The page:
What are retractions?

Intercostals and or sternal retractions occur when the chest moves inward during inspiratory efforts instead of outward This is due to a obstructed airway A sign of respiratory distress in infants

What is nasal flaring?

Flaring of the nostrils during inspiration. A sign of respiratory distress in infants Expiratory grunting and retractions occur in newborns to prevent atelectasis

What is the character of a cough?

Strong, moderate or weak. Productive or non productive Frequent or infrequent, tight or moist A dry or nonproductive cough may indicate a tumor in the lungs. A productive cough may indicate an infection.

What is the pulse?

Normal 60-100 bpm Tachycardia >100 bpm indicates hypoxemia anxiety, stress Bradycardia <60bpm indicates heart failure shock code emergency

When is heart rate a cause for concern?

Increased heart rate > 2Obpm is an adverse reaction, stop therapy, notify nurse and doctor Any change in rhythm is indication for further monitoring

What is paradoxical pulses pulse paradoxus?

Pulse blood pressure varies with respirations May indicate severe airtrapping as m status asthmatics tension pneumothorax

What is tracheal deviatlon?

Pulled to Abnormal side? Pulmonary Atelectasis Pulmonary Fibrosis Pnemonectomydiaphragmatic paralysis

Whet is percussion ?

Percussion is done by placing the middle finger between two ribs and tapping the middle fingers first joint with the middle fingertip of your opposite hand Resonance Normal filled air filled lungs\ This gives a hollow sound. Flatness heard over Sternum muscle on area of atelectasis Dullness heard over a loud filled organs such as heart or liver pleural effusion or pneumonia will give this thudding sound Tympany heard over air filled stomach) This is a dreamlike sound and when heard over the lungs indicates increased volume Hyperresonance found in areas of the lung where pnemothorax or emphysemas are present this is a booming sound

What are breath sounds?

Normal breath sounds vesicular Bronchial breath Sounds normal sounds heard over tracheal on bronchi Over the lung would indicate lung Consolidation

Abnormal Breath Sounds

Rates crackles secretion fluid

Coarse rales rhonchi Large Airways Secretions

Patient needs suctioning

Medium Rales

Middle airways secretions Patient needs chest physical therapy

Fine Rales mass crepitate rates

Abrader fluid Patient has cHF pulmonary edema Patient needs IPPB heart drugs diuretics and oxygen

What is wheeze due to?

Broncho spasm, patient needs bronchodilator Unilatenatal Wheeze indicative of a foreign body obstruction, Mucus plug

What is stndor?

Due to upper airway obstruction Supraglottic swelling epiglottis Subglottic swelling croup post extubation Foreign body aspiration solids or fluids

What is Pleural Friction Rub?

Coarse grating or crunching sound visceral and parietal pleura rubbing together

What are normal Heart Sounds)

SI and S2

What are abnormal heart sounds?

S3 and S4 heart sounds You need an Echocardiogram

What is normal blood pressure?

120180 mmHg using a sphygmomanometer Increased Blood Pressure indicates cardiac stress-hypoxemia Decreased blood pressure indicates poor perfusions shock<

What is the position of the endothachial tube?

Below the vocal cords and no closer than 2 cm or I inch above the carina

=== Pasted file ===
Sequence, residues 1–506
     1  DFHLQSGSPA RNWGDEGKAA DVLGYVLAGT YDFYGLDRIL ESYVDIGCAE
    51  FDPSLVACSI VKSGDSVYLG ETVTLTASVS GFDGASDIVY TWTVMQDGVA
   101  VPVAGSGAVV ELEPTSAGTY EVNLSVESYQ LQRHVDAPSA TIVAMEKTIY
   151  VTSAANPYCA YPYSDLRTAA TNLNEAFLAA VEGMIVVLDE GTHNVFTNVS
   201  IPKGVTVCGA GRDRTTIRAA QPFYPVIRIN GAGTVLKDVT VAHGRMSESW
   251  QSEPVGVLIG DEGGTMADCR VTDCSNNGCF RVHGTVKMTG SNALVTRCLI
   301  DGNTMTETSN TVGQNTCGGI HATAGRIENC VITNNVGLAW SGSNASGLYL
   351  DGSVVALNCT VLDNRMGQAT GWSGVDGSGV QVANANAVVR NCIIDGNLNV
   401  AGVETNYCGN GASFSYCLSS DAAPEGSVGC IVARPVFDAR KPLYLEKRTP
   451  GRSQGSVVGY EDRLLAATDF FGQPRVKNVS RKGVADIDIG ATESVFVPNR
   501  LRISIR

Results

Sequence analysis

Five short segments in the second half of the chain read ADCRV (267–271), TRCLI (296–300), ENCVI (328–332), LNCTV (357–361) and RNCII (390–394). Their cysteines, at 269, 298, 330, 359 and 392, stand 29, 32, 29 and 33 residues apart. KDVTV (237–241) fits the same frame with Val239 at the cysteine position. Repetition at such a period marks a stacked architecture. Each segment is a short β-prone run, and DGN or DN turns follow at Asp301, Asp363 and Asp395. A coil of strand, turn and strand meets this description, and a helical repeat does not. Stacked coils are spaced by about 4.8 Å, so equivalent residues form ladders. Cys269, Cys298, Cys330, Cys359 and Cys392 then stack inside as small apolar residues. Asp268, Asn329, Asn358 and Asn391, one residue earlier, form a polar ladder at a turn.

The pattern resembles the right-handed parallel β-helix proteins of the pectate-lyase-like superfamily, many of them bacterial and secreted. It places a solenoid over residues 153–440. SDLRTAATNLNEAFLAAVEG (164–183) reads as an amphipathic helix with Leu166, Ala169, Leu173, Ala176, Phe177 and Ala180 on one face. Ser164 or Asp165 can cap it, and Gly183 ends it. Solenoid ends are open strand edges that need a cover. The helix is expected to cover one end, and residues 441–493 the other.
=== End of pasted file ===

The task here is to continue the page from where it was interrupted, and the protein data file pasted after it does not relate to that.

What are some of the anatomical landmarks?

Trachea seen as a dark area midline Costophrenic angles, Angle made by the outer curve of diaphragm and the chest wall Angles are obliterated by Pleural Effusions Diaphragm Dome Shaped normally Flattened with COPD Vascular Markings are Blood Vessels lymphatics,lung tissue

What are the positions and projections on the chest x-ray?

"AP projection-anterior, posterior
Lateral decubitus position-Patient lying on affected side-valuable for detecting small pleural effusion"

What is normal chest x-ray?

Both hemidiaphragms are frounded (dome-shaped) The right hemidiaphragm is slightly higher than the left, liver pushes it up. The right hemidiaphragm is at the level of the sixth anterior rib.

What are the position of tubes and catheters?

Chest tubes should be located in the pleural spaace surrounding the lung. Nasogastric tubes and feeding tubes should be positioned in the stomach and small bowel below the diaphragm. Central Venous catheters are placed in the right or left subclavian or jugular vein and should rest in the vena cava or right atrium of the heart.

What is a valuable diagnostic tool for an upper airway obstruction in children ? Croup and Epiglottitus

Lateral neck x-ray

What is the classic x-ray sign for croup(larynotrachebronchitis)

Viral disorder , the xray will reveal tracheal narrowing in a classic pattern called steeple sign, pencil point , picket fence all meaning pointing

What is Epiglottitis and what x-ray sign helps identify it?

Epiglottitis is a potentially life-threatening inflammaaton of the supraglottic airway caused by a bacterial infection. A lateral neck x-ray shows supaglottic narrowing showing a thumb sign.

What is Radiolucent?

Dark pattern, air seen on X-ray normal for lungs

What is Radiodense?

White pattern, solid , fluid normal for bones, organs.

What is an Infilttrate?

Any ill-defined radiodensity as in Atelectasis.

What is Consolidation?

"Solid white area, such as Pneumonia(inside)
Pleural effusion (outside)"

What is hyperlucency?

Extra pulmonary air as seen in COPD, asthma attack, pneumothorax.

What are Vascular markings?

"Lymphatics, vessels,lung tissue
Increased with CHF
Absent with Pneunmothorax"

What is Diffuse meaning on X-ray?

Spread throughout as in Atelectasis /Pneumonia

What is Opaque meaning on X-ray?

Fluid , solid as in consolidation

What is Bilateral and what is unilateral?